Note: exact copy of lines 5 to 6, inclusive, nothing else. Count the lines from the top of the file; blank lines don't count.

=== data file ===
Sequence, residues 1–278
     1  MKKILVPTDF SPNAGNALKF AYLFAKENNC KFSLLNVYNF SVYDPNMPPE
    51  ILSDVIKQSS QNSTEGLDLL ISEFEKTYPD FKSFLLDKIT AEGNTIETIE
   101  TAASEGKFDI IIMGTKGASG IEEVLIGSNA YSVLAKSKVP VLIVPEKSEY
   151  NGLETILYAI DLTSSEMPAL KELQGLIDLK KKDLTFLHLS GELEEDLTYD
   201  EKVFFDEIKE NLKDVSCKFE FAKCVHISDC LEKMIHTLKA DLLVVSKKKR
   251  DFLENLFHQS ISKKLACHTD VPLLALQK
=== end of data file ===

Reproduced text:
   151  NGLETILYAI DLTSSEMPAL KELQGLIDLK KKDLTFLHLS GELEEDLTYD
   201  EKVFFDEIKE NLKDVSCKFE FAKCVHISDC LEKMIHTLKA DLLVVSKKKR